How To Get Stains Out Of Your Hardwood Floors

Hardwood floors are undoubtedly one of the gorgeous flooring options, adding a level of sophistication and beauty not found in many other materials. However, they aren't waterproof, and they can get stained. Luckily, removing stains from hardwood floors is achievable as long as you know what kind of blemish you're dealing with and how to address it properly.

The first step to clean up any stain is to try to prevent it from setting in. While spilling a glass of juice or coffee may seem innocuous enough, hardwood is hardly water-resistant and porous. Your harmless spill could lead to a permanent stain if not attended to as soon as possible. Lay down an absorbent towel and soak up as much liquid as you can. If you act quickly enough, it may not leave a stain. If it does, there are ways to remove them, and we'll walk you through the process. 

Pet messes and red wine

One of the most common stains you may encounter if you have pets is urine stains. The biggest issue with these isn't just the appearance but the odor. After soaking up the mess, sprinkle the area with baking soda, letting it soak up the liquid and odor before vacuuming it. If it's still smelling, mix water, one cup of white vinegar, and grapefruit oil, and scrub at the stain. If the blemish is still visible or smelling, soak a towel in hydrogen peroxide and scour the affected area, then add a soaked paper towel on top of the stain. This method may discolor your floors slightly.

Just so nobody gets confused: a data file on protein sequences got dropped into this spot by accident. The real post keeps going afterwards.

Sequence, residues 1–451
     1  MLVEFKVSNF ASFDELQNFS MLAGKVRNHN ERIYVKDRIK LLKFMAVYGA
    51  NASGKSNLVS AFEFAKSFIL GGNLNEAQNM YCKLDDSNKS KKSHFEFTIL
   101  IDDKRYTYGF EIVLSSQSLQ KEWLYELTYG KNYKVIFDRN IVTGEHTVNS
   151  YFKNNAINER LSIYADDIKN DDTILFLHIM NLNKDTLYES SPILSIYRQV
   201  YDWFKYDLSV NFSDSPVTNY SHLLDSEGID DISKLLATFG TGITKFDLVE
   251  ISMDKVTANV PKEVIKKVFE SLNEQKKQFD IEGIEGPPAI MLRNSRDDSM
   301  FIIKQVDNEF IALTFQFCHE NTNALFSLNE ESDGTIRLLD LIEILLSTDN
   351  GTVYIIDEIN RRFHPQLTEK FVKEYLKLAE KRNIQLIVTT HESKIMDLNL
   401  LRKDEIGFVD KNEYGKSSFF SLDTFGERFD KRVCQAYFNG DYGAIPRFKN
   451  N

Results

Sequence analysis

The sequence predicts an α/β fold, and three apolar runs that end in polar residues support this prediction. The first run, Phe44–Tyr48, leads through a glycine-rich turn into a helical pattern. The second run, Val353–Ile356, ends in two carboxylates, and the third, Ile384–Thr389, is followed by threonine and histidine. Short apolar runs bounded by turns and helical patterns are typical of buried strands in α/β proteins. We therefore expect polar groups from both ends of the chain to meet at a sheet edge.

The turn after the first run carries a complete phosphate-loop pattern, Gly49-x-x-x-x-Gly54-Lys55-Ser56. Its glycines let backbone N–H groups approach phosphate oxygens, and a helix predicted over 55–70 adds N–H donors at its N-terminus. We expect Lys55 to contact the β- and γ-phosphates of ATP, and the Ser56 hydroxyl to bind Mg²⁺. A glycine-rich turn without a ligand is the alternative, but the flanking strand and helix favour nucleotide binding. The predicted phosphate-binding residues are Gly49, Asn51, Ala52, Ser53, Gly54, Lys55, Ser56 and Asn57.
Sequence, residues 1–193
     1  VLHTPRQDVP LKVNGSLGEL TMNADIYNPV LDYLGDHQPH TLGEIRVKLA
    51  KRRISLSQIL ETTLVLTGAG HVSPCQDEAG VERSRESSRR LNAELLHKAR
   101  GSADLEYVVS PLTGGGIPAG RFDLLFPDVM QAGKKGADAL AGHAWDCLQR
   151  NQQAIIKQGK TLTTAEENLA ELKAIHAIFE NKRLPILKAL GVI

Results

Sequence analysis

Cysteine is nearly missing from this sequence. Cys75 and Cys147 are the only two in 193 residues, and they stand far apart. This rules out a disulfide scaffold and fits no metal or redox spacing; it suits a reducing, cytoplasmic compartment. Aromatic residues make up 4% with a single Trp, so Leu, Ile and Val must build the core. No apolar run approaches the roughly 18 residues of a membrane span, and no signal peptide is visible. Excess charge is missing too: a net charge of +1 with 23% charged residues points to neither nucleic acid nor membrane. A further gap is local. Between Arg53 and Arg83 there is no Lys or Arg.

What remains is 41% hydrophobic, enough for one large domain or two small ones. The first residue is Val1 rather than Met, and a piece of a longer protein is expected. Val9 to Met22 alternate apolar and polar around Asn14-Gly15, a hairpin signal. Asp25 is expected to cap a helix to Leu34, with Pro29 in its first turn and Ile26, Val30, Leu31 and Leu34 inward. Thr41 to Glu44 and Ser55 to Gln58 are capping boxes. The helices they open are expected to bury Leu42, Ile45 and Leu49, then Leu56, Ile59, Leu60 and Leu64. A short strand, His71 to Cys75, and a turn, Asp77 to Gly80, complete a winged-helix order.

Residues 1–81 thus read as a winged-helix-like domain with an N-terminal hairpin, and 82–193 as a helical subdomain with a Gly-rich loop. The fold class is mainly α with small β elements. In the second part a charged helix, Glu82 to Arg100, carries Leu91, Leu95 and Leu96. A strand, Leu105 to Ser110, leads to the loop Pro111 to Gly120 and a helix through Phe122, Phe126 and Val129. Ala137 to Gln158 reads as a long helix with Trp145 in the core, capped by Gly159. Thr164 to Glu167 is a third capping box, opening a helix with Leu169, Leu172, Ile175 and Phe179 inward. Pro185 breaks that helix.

Another common stain that can be hard to remove from hardwood floors is red wine. It may not be an issue if you act quickly enough and have a finish on your floors. However, it can easily penetrate the wood grain if not cleaned immediately. The first method for stain removal requires salt, pumice, baking soda, and lemon oil. Spread the salt onto the stain and let it sit for 10 minutes, and in the meantime, mix the pumice and baking soda in a two-to-one ratio, adding lemon oil until it forms a paste. Then, rub the paste onto the salted stain for another 10 minutes. If that doesn't work, try soaking it in white wine vinegar. You may need to sand and restrain the affected area if neither works.

Coffee and paint

Coffee stains are another big one that can damage your hardwood floors, and while coffee is hardly as pungent as wine or pet messes, the smell of stale coffee certainly isn't pleasant. If you already have a darker wood stain, the coffee may not make that much of a color difference, but you should still do your best to lift it from the wood grain. You'll need wet paper towels, detergent or dish soap, and white vinegar. Soak the coffee, add the soap to damp paper towels, and scrub at the stain. Next, dry off the stained area and pour white vinegar on top. Let it sit, clean it off with clean paper towels, and fix the wood with a touch of wood polish or stain if the wood is discolored.

One of the trickier stains is paint. Ideally, you can catch the paint spill or splatter while it's still wet and wipe it off, but if not, wait for it to dry and try to clean it off with a putty knife or plastic card. Then, try dish soap and water to clean it off, though this will only work on water-based paints. Isopropyl alcohol and lemon juice may also work, mainly if applied with a plastic bristle brush. Heating the paint with a blow-dryer can also help loosen it up. If nothing else works, paint strippers or thinners likely will, though these are flammable and may damage your floors.